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Mystery Review    



Last Car to Elysian Fields
by James Lee Burke
Simon & Schuster, 2003
Hardcover, $24.95 (335 pages)
ISBN: 0-7432-4542-3
There are always storms in James Lee Burke’s novels, but the wind and rain and lightning that the author describes in poetic detail is not always looming over the towns and fields; the storms rage through well-drawn, complex, tainted and tormented characters.

The storm that rages -- almost out of control at times -- within the psyche of Dave Robicheaux, the Vietnam veteran, recovering alcoholic, tortured deputy sheriff in a southern Louisiana parish on Bayou Teche whispers and screams, cries, whimpers, and moans, then resonates with a pain that is often hurtful to the reader.

James Lee Burke is an enormously talented writer who has displayed his power annually for the past dozen or so years in such novels as Jolie Blon’s Bounce, Purple Cane Road, and Cadillac Jukebox. At least half of these have centered around Robicheaux, whom many of us have grown to love, respect, admire, and admonish for his great heaping of guilt upon himself and all of those around him.

Now that his beloved Bootsie, his second wife, has been killed in a fire, Robicheaux returns repeatedly to her grave near the banks of the bayou beneath a live oak tree. Once again, in Last Car to Elysian Fields, his friend Clete Purcel, a private investigator who heaps hurt on those who do damage to his buddy and who himself is filled with a different kind of rage that manifests itself in some original ways of payback. After their friend, Father Jimmie Dolan, a particularly unpolitically correst priest, is victim of a brutal assault, the two old buddies confront the man they believe is responsible: drug-dealer and porn-star Gunner Ardoin. However, as in most richly developed Burke novels, what Robicheaux and his buddy believe is not always the entire truth. There are always unsuspected twists and turns, emotional revelations, and big bumps along the highway of life. Likewise with Last Car to Elysian Fields.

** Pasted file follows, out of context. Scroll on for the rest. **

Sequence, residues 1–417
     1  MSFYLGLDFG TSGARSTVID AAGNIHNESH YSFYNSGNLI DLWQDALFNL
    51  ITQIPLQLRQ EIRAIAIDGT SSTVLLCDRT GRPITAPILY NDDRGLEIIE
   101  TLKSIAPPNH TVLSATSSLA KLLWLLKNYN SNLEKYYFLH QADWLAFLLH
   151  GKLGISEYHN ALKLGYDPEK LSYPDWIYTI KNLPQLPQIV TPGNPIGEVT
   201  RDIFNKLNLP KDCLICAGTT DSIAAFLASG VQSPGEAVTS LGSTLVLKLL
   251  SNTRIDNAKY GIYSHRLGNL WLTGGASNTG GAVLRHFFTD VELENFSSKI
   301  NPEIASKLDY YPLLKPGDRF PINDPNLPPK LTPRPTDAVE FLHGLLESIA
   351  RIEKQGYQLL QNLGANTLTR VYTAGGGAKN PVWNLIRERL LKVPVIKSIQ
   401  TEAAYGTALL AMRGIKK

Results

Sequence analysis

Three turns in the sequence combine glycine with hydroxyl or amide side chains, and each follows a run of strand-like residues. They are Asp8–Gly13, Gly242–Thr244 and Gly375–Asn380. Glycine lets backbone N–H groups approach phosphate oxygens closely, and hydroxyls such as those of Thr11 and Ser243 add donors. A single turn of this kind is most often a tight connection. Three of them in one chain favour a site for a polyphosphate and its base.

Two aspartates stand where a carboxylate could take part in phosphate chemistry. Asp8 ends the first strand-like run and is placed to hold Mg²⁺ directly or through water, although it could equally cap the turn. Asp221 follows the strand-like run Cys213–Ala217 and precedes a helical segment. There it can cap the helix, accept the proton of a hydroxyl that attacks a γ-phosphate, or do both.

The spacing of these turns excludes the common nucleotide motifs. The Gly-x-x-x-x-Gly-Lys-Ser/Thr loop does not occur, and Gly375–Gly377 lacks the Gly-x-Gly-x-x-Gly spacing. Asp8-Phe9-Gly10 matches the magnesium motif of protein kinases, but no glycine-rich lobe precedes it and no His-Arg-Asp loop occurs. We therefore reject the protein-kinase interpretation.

The title, referring to the last streetcar to a particular section of New Orleans called Elysian Fields, resonates through the action which is fast and furious in this novel that is peopled with a menagerie of true Burke characters. From the despicable Dellacroce brothers, the IRA gunman named Max Coll who is a cold-blooded killer whose actions turn soft, a blues singer from the past named Junior Crudup whose ghost haunts Robicheaux and forces him to investigate his possible murder a half-century ago, and Theodosha Flannigan, “tall, darkly beautiful, with hollow cheeks and long legs like a model’s, her southern accent exaggerated, her jeans and tied-up black hair and convertible automobiles an affectation that believed the conservative and oligarchical roots she came from.” A former lover of the deputy sheriff, Theodosha becomes a pivotal character in the cast that contains dozens.

As always in a Burke novel, the narrative drive is strong and urgent in Last Car” The descriptive qualities are rich and exuberant. The characters run amuck through a thick fog of crime and deception, death and dishonor, but you always know there is Robicheaux, who is above it all; yet Last Car seems to be a lament of the hero, a kind of last note of  “Taps” that hangs over the swampland of southern Louisiana and vibrates there.

Wayne Greenhaw
Southern Scribe Reviews


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